Upregulation of p53 caused by Rpl22 was linked to immune-deficiency.

Scientists at Lexicon Pharmaceuticals and Fox Chase Cancer Center (FCCC) discovered that deletion of the ubiquitously expressed ribosomal protein L22 (Rpl22) gene resulted in the upregulation of p53, a key tumor suppressor gene that triggers apoptosis. Further, it was determined that this upregulation of p53 was responsible for blocking alpha-beta+ T-cell development, thereby creating an immune-deficient state.

“The connection between Rpl22 and the p53-mediated apoptosis pathway is exciting,” said David Wiest Ph.D., member of the basic science division at FCCC. “If research confirms our theories, Rpl22 may prove to be an important biomarker for certain T-cell immune deficiency diseases and some types of lymphoid cancers.”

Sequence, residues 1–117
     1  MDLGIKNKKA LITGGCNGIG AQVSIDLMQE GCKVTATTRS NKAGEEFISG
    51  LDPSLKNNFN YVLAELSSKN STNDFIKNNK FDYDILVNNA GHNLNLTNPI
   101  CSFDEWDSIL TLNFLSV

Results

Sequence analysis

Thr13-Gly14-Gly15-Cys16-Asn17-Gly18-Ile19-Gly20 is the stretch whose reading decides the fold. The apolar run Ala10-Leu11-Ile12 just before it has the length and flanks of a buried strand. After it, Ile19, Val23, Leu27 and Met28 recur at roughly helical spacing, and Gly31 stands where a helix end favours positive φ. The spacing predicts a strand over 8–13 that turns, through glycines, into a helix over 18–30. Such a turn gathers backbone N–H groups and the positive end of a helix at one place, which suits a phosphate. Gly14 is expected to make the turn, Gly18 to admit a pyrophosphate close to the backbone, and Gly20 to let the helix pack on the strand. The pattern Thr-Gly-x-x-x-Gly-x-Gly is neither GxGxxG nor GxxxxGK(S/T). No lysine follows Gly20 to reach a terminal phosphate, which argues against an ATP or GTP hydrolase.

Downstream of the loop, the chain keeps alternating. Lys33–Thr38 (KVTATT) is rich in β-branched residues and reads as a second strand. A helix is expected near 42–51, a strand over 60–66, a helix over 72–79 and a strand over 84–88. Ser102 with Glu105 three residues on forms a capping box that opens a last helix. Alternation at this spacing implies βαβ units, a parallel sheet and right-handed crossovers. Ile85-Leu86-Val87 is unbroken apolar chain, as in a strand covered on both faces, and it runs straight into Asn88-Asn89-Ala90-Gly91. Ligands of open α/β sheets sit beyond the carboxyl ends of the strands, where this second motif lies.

“These findings could help us to further define the pathways involved in T lymphocyte development and regulation,” said Tamas Oravecz, Ph.D., Lexicon’s vp of immunology and oncology. “While Rpl22 will likely prove difficult for development as a classic drug target, understanding its role could contribute significantly to its potential as a biomarker for disease.”

These findings have been published in the June issue of Immunity.

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